It’s no secret that a lot of homeless folks are addicted to either drugs or alcohol. The ways they got there are as various as anyone else’s. But the toll has been higher; it’s left them high and dry, wasted, alone, and needing another hit. Badly.
It’s easy to judge, especially for those of us whose addictions are culturally sanctioned – junk food, television, shopping… and/or alcohol or pills behind closed doors (because we have doors). And it’s a fact: addiction is wrong. It puts some people in jail and it kills others. And it is always de-humanizing. It strips us of our ability to act responsibly, even morally. Like Edward in the Chronicles of Narnia or Gollum in the Lord of the Rings (handy references for folks who don’t know an addict – or think they don’t), we would sell out our sister or our brother or our souls to get that thing that literally means the world to us.
Personally, we are experiencing this in all aspects of our lives right now. The Gainesville Catholic Worker is struggling with finding ways to treat folks who are addicted to drugs or alcohol with both mercy and responsibility. Those substances aren’t allowed in the house, and no one living in the house is supposed to be using illegal drugs or entering the house under the influence of anything. There are too many people struggling with this to allow what some people even consider fairly normal use – wine at dinner or parties, etc. And we try hard to treat guests and visitors with respect and dignity, whatever their addiction.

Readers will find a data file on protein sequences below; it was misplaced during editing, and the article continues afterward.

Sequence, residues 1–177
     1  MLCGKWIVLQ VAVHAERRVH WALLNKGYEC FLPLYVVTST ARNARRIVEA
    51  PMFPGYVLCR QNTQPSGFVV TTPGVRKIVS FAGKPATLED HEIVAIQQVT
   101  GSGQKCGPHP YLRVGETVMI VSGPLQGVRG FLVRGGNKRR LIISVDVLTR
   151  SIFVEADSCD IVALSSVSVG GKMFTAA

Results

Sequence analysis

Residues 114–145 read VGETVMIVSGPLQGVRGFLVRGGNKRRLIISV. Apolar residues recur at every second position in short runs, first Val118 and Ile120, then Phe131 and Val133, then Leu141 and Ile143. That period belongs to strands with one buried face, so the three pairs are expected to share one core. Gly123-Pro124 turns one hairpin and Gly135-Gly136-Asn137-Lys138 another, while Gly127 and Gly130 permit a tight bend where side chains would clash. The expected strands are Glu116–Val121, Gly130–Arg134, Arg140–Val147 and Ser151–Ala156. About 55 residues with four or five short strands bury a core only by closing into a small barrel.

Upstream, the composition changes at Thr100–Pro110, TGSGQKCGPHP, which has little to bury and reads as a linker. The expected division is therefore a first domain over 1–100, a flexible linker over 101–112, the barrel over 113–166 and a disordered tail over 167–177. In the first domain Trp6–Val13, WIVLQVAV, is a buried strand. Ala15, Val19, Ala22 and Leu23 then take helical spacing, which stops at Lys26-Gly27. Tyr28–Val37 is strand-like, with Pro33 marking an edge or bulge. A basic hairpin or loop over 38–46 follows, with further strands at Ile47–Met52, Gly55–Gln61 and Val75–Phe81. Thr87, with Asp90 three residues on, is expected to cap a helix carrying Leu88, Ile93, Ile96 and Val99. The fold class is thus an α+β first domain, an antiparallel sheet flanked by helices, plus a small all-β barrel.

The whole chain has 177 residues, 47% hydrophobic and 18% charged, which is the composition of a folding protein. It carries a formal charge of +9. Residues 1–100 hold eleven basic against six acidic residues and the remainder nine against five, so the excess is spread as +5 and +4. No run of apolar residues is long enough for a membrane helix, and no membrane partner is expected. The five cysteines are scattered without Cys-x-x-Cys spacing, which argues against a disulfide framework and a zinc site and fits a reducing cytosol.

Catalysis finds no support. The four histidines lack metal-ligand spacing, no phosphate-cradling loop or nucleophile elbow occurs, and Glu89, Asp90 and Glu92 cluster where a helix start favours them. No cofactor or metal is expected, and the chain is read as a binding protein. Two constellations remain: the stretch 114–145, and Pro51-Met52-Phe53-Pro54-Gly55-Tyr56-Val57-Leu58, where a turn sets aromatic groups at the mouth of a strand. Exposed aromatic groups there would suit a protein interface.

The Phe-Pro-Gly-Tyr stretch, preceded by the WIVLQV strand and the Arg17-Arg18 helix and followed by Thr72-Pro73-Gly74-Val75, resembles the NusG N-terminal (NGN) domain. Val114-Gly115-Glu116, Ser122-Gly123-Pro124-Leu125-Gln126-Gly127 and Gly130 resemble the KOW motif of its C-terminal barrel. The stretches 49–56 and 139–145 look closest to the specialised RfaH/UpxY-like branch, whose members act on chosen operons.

We are also experiencing this in our family life as Ben deals with the painkiller addiction that his cancer treatment left him with. If you are inclined to let Ben off the hook and differentiate him from other addicts, he would be the first to tell you not to. A lot of the folks you see weaving in the streets started out their drug use for the “legitimate” pain and trauma caused by accidents and illness. Even more sought emotional relief, like Ben,from a substance that was available to them. Ben will also be the first to admit that, if he didn’t have family, insurance, or other resources at his disposal, he could be out on the street too. That is a fact, but it doesn’t really help. We are as helpless as any addict in the face of addiction when it comes to dealing with addicts – whoever they are. They have to hit “rock bottom;” they have to decide they want help and find within them the humility and heart to ask for help.
And we have to wait and hope and hold them accountable, while offering alternatives and “tough love.” And we try to recognize ourselves, or a loved one – or Jesus – in the brokenness of it all. I don’t know what else. I wish I did.